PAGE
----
January 12, 2011 | By Larry Clark | 1 Comment »
Categories: Communications, Politics
Tags: 2010, campaigns, media, negative ads, political advertising, political science, television, Travis Ridout, trends, Wesleyan Media Project
There sure seemed to be a lot of political ads on TV last summer and fall. Based on my unscientific observation as a political news junkie, stark black and white images and ominous voices declared every few minutes that so-and-so was unfit to be a dogcatcher or any other public official. An overview of political advertising in 2010 has confirmed those suspicions.
Travis N. Ridout,an associate professor of political science at Washington State University and co-director of the Wesleyan Media Project, writes in the political science journal The Forum that campaign and political advertising picked up in 2010. Or, if you consider the increase in negative ads, it sank deeper.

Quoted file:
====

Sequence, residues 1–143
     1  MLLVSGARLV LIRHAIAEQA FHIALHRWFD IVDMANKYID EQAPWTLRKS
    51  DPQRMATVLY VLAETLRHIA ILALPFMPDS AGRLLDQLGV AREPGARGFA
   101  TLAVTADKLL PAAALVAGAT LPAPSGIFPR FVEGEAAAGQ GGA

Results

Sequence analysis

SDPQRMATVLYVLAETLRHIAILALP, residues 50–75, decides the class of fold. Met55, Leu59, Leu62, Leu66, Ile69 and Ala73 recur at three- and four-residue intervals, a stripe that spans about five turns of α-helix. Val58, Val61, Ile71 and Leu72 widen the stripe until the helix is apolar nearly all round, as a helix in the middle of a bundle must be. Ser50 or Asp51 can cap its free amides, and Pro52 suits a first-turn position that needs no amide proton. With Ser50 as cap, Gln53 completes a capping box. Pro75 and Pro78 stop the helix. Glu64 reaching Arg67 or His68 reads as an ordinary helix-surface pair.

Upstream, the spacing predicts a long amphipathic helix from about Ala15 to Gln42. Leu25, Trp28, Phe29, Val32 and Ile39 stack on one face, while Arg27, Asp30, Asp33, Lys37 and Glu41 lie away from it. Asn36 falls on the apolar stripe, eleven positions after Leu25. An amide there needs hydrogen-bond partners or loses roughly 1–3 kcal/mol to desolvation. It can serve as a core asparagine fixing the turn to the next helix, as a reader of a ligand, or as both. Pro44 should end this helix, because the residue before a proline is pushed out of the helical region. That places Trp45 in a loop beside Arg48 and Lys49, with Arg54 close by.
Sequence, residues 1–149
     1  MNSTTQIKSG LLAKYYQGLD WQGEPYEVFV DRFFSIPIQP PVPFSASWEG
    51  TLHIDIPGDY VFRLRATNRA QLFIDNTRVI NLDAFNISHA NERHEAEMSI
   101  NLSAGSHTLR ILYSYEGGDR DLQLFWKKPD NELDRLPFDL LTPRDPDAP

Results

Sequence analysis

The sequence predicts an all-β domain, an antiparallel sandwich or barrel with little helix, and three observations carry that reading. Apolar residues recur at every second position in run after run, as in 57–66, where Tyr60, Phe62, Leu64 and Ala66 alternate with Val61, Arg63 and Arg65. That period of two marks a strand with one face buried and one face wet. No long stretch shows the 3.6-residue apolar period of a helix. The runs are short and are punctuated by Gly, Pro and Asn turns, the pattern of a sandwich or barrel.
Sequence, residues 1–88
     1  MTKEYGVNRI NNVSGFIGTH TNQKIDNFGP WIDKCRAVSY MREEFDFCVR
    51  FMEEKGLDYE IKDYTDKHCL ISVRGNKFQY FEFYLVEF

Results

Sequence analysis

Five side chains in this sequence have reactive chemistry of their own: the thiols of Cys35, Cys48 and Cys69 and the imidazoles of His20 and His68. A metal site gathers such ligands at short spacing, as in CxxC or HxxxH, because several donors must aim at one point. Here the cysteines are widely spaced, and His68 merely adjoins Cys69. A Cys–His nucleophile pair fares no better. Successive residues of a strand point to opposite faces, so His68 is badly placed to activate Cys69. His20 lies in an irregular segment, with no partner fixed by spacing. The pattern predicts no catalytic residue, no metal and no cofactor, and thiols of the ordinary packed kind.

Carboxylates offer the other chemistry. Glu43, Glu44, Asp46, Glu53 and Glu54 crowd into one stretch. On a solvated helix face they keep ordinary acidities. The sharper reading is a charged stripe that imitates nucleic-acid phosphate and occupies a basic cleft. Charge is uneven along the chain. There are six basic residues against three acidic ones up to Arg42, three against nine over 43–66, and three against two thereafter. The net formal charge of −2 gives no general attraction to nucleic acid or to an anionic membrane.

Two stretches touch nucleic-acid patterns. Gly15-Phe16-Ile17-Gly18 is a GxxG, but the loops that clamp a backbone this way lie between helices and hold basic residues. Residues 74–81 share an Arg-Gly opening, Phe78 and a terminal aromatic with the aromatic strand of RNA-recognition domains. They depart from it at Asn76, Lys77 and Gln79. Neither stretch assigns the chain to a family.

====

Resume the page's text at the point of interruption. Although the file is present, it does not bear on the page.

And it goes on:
From the paper’s abstract:
Political advertising offers an important window on American campaigns and elections. We analyze a comprehensive database of political ads aired during the 2010 midterms to shed light on campaign strategies in this history-making election. We find that with the increase in competitive races in 2010, the volume of advertising rose too, as did its negativity. Moreover, we track the issues mentioned by each party, finding that while the parties agreed that employment was the top issue, there was also much divergence in issue priorities, with Republicans taking up some unlikely themes such as health care and “change.” The high volume of advertising in 2010 suggests a greater potential for voter learning, but the high levels of ad negativity could have had both positive and negative consequences on the electorate.
Ridout co-authored the paper with Erika Franklin Fowler of Wesleyan University. You can read more about Ridout’s work in “Civility in Politics and Campaigns,” winter 2010 issue of Washington State Magazine.
Advertising Trends in 2010 (The Forum, Vol. 8, Issue 4. Berkeley Electronic Press, 2011. PDF)